Monday, October 18, 2004

a bit of wandering to warm-up

I am considering a longer, more direct, response to Jay and Thomas. For now, I posted a response on Bad With Titles. Follow the previous link to the discussion.

I like Jay's points. Thomas's, too. We each have different approaches to knowing an event. I am closer to Jay here. I think that Wittgenstein feared giving something to poetry he felt philosophy owned. A clarity that philosophers yearn for but cannot get to. A perspective on approaching propositions, maybe, I am not really sure.

When we talk about the craft of writing, we talk about much more than propositions. Language, in this talking, excedes its object; but it would be wrong to say that literary artists merely interpret reality (as is too often the case.) Many writers workshop under such a misapprehension, as well, and reduce lines into structures to be edited for comprehension.

Writing as Poetry is Breathing:
consider breathing as a mechanism for combining sense into compressed moments to be projected somewhere at some time. This allows authors to transmit and transfer space and time in a manner independent of history and dialectics--in other words, logic and ideology. And tradition, too. It allows for improvisation, which is not based in knowledge, rather in craft and something exceding both knowledge and craft we sometimes mystify and call genius.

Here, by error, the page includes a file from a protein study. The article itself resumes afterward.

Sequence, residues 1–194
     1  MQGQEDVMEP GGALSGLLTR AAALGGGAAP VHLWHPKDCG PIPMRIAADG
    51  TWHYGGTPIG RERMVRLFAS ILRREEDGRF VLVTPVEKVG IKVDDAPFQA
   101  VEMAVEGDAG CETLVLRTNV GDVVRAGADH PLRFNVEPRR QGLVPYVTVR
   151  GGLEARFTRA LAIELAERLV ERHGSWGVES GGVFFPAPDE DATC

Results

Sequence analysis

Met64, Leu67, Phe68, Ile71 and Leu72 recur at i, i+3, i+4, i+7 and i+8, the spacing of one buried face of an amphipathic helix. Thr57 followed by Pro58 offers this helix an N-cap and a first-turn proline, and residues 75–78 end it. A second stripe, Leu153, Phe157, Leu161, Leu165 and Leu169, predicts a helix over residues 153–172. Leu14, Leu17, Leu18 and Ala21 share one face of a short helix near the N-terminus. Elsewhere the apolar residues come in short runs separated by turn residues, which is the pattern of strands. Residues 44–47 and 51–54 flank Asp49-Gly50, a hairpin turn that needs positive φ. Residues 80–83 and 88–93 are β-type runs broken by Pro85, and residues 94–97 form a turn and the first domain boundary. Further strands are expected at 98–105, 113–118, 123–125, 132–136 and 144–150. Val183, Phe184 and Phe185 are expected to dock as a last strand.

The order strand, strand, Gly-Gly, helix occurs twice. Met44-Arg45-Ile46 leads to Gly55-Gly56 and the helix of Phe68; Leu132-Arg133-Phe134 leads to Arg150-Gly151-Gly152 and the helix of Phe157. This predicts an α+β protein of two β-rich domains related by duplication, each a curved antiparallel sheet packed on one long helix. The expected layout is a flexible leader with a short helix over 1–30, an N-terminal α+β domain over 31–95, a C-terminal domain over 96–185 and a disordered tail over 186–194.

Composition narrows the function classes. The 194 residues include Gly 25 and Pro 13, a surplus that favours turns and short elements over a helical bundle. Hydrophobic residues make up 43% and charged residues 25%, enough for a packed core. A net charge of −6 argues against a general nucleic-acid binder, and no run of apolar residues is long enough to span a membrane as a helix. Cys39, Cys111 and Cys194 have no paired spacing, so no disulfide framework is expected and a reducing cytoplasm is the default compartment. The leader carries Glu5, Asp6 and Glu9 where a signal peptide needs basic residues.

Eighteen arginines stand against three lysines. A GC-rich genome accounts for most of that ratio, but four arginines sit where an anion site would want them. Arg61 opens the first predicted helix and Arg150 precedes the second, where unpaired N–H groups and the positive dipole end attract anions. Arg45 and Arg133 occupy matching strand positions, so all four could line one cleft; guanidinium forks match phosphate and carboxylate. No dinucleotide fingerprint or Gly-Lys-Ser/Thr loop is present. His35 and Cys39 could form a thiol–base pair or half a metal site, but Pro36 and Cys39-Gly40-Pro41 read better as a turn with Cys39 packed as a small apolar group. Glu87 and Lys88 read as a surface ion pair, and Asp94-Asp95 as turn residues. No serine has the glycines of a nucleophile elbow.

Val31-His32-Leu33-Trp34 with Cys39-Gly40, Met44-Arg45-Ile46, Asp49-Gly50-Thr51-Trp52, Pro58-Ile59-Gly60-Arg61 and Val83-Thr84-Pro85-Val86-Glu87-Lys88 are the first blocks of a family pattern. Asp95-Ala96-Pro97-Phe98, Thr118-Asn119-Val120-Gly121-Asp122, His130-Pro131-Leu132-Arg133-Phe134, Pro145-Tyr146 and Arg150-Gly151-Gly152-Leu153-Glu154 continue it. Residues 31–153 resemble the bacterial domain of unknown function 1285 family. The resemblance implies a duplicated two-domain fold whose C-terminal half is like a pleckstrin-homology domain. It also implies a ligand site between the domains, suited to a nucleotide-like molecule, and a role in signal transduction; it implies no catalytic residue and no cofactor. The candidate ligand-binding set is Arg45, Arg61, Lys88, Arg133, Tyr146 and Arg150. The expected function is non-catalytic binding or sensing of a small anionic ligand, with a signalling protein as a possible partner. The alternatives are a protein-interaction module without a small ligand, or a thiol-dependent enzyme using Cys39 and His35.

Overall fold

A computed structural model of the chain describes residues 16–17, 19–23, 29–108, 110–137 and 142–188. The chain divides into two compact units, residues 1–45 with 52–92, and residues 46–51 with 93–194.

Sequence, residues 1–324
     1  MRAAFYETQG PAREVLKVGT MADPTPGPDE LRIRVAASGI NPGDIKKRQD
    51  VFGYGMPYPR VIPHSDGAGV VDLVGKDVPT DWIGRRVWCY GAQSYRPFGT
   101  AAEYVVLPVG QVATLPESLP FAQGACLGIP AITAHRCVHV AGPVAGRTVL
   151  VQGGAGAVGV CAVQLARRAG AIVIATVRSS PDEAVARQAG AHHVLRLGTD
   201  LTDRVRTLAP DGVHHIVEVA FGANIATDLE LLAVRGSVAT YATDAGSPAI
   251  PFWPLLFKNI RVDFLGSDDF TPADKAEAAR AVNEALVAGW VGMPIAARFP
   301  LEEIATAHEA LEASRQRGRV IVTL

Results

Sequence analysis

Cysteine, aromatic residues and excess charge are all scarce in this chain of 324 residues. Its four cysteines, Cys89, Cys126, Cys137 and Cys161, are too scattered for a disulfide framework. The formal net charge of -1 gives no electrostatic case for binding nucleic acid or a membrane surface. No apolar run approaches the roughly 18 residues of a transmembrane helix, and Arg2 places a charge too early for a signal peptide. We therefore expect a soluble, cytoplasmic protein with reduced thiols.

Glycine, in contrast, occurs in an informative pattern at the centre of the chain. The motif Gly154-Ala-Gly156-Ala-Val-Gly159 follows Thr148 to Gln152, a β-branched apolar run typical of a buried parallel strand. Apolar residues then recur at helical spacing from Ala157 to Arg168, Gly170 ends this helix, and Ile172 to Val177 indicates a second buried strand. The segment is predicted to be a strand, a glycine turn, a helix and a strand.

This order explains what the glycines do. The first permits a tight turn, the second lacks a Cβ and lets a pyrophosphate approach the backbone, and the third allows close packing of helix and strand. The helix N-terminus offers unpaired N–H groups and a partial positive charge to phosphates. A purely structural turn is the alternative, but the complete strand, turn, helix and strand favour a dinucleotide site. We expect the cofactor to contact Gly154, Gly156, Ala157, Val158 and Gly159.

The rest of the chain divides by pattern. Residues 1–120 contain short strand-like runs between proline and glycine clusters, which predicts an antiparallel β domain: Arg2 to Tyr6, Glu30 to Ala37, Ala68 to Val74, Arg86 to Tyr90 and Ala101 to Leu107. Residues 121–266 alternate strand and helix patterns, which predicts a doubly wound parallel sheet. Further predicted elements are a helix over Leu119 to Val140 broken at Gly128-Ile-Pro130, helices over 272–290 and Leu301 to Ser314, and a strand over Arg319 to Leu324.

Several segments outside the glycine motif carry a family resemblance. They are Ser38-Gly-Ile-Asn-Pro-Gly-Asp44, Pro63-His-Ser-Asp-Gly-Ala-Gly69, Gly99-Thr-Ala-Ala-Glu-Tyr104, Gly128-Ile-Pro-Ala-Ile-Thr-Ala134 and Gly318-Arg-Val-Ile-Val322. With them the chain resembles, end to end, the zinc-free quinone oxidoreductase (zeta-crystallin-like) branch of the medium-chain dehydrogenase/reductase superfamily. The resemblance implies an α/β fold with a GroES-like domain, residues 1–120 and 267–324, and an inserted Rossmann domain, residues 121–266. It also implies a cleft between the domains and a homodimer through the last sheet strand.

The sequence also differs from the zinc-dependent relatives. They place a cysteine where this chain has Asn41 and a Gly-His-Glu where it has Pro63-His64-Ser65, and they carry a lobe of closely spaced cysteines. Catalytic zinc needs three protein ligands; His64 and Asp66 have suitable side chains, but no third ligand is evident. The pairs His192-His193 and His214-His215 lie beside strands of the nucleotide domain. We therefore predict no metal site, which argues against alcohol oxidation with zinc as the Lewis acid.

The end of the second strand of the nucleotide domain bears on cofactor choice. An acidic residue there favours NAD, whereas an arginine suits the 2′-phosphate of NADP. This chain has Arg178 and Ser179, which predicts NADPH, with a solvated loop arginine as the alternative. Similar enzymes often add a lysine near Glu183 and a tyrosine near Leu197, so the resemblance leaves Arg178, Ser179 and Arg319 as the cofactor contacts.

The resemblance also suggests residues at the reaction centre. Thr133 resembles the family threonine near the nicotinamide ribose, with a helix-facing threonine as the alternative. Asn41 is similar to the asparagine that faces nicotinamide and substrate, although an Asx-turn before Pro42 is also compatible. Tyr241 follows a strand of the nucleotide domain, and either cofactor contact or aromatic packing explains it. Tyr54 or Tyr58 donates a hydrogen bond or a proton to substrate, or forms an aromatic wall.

Knowledge of concepts in the manner of truth-making always has an agenda that itself excedes the moment written about. Knowledge, then, is not static; its moving not historical. Though, knowledge can be historicized.

Writing as Poetry is working out--expelling--the "because it is" rationalizations. Poems or stories, Epics or novels, are objects themselves, maybe even concepts. Nevertheless, they are not static. They do not mean something for all readers. Knowledge is code for a word that strips action of act. Knowledge is nominalization. From the perspective of the liminal, knowledge is racist, sexist, colonialist--Empire. It is always determined by those who have social power. From the perspective of the artist, knowledge is a limit.

Knowledge is old school. The language of ONE is dying. Thankfully.

We have come to a moment where knowledge is useful as a mechanism. Concepts are machines.

To know is not to know;
A limit is not a limit.

1 comment:

Laura Carter said...

Good, good, good, Gary!

Glad to see you're back in the discussion.